Saturday, April 3, 2010

Truth, Honesty, and Privacy

Greetings all,

I received an email from a reader who asked the following question:

"In one of your older ones (posts) you talk about training girls and checking up on them to make sure they're honest to you. My question is what constitutes a lie to you? Is it out right lying or the sin of omission as well. And if the later is one you consider a lie? How then does a sub know what is important to you if new? I'm not sure I understand privacy vs honesty however if I was being trained. Opening myself up like a open book isn't realistic at first."

I consider it a lie when someone is knowingly and deliberately dishonest with me. In particular, when the motivation for telling the lie is negative, such as shame, fear, anger, etc.

Therefore regardless if I am told the lie, or if someone chose not to speak when they should have, it is still a lie in my book.

In general, I do not tolerate lying from any girl, and consider it grounds for an immediate termination of the relationship, although I have been known to forgive a girl under special circumstances.

I appreciate that this requirement can place extra stress on a girl, especially near the beginning of the relationship. Unsure of what should, or should not, be discussed, some girls tend to want to reveal everything; other girls tend to clam up, unwilling to open their mouths for fear of saying the wrong thing. Beginnings are dangerous. Fortunately, I tend to tolerate honest mistakes in girls rather well, so long as they learn from their mistakes. This way, over time they can discover when they should be volunteering information and when they shouldn't be making assumptions.

Normally though, I tend to give a new girl a fairly rigid set of disciplines so she is not forced to make too many assumptions, although many girls still do, I'm afraid.
Privacy vs. Honesty: Privacy is the right of an individual to maintain certain information in a confidential state. Honesty, in this context, means that one's words and actions must be truthful.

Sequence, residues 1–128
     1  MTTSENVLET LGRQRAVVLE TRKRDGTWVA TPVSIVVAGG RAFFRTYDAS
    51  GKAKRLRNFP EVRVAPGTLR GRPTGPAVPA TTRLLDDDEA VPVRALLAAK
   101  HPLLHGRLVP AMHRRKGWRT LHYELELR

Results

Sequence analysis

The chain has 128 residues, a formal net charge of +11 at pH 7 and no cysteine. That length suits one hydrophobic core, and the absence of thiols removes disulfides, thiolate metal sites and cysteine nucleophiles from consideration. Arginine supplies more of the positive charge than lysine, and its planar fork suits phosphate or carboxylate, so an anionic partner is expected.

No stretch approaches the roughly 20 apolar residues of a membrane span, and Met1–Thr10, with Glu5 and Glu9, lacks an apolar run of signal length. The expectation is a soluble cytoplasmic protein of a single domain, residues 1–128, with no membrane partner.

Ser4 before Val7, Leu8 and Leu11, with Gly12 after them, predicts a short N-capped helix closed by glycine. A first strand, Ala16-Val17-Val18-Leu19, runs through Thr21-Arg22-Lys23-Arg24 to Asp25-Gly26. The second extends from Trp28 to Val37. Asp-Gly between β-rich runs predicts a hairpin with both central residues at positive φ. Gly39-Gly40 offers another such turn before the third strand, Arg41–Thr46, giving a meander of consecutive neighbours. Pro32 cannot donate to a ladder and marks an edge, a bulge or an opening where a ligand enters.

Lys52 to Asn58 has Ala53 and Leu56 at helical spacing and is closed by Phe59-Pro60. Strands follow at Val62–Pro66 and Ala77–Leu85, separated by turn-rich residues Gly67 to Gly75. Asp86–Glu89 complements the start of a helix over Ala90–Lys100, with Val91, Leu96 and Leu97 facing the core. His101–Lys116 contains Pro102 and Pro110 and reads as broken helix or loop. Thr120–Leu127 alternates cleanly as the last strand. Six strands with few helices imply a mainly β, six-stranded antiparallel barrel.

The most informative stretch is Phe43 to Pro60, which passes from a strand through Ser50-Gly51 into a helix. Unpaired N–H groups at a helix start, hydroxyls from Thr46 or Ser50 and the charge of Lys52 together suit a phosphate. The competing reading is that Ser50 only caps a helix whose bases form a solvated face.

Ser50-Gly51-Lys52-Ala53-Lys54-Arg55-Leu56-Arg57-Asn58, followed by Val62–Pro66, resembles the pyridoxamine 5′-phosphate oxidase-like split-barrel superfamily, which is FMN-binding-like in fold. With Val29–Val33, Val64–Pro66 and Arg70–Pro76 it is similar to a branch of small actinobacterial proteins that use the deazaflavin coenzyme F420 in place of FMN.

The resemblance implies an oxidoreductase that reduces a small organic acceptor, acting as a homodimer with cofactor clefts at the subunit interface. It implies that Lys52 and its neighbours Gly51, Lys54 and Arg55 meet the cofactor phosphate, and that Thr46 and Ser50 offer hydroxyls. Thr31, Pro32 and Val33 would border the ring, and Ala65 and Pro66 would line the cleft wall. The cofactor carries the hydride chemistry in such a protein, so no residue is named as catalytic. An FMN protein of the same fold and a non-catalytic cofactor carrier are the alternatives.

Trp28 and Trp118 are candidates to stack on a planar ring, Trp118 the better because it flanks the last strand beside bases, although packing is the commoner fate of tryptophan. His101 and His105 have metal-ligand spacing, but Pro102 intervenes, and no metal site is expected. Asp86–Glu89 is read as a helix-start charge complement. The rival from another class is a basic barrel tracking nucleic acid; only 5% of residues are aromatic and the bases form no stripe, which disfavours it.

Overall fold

The conflict between these two is what happens when a girl is asked a question that she would prefer to keep private. Obviously she can't lie, because that would be dishonest, so she can't give a "made up" answer, and she can't say "she doesn't know".

She could ask for permission not to answer, but her Dominant might command her to do so, and then she doesn't have any choice at all. In fact, unless it has been previously negotiated that in certain areas she may retain her privacy, in general she is not allowed any privacy.

Now, some submissives may be concerned that the revelation of information might damage the relationship. Certainly this is a valid concern, but it does not give the submissive permission to lie. Instead I would suggest that the revelation of "difficult" information is a test not only for the submissive, but also for the Dominant. How will he react? Does he handle it in a responsible manner, or does he lose self-control? To a certain extent, a Dominant should never ask a question unless he is prepared to hear the answer.
But the choice does not belong to the submissive. It belongs to the Dominant.

I understand the challenge of revealing one's privacies to another. This is why a submissive must get a good sense of the Dominant before entering into a formal relationship. This is why I believe a Dominant must extend honesty and trust first, if there is to be any expectation of it being returned. But given a formal relationship, and the requirement for honesty, the submissive has no choice. She must respond to all questions honestly and to the best of her ability.

Anything less is an insult to the relationship.

Be seeing you.

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